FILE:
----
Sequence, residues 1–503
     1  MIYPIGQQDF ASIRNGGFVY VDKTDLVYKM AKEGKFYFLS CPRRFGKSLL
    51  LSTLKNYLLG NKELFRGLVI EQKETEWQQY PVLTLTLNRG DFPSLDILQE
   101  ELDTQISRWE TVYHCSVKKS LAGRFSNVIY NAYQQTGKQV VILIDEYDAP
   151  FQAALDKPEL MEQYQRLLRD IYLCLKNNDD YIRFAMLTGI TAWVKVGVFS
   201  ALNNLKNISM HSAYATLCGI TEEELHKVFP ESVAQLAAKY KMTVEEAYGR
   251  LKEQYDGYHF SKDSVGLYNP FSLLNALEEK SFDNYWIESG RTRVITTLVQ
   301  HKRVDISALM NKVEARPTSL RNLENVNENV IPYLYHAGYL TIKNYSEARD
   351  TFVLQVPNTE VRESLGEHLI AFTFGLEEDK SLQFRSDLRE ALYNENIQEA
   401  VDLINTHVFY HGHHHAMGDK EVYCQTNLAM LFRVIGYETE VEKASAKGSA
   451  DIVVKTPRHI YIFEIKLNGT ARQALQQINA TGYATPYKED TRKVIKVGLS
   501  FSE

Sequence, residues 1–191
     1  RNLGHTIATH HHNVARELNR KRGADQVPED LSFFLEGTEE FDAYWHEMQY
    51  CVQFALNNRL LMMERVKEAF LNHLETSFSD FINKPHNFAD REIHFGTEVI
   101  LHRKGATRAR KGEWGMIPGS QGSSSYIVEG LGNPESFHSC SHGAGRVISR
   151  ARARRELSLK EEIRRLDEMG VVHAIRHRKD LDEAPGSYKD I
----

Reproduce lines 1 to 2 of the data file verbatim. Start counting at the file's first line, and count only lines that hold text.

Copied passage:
Sequence, residues 1–503
     1  MIYPIGQQDF ASIRNGGFVY VDKTDLVYKM AKEGKFYFLS CPRRFGKSLL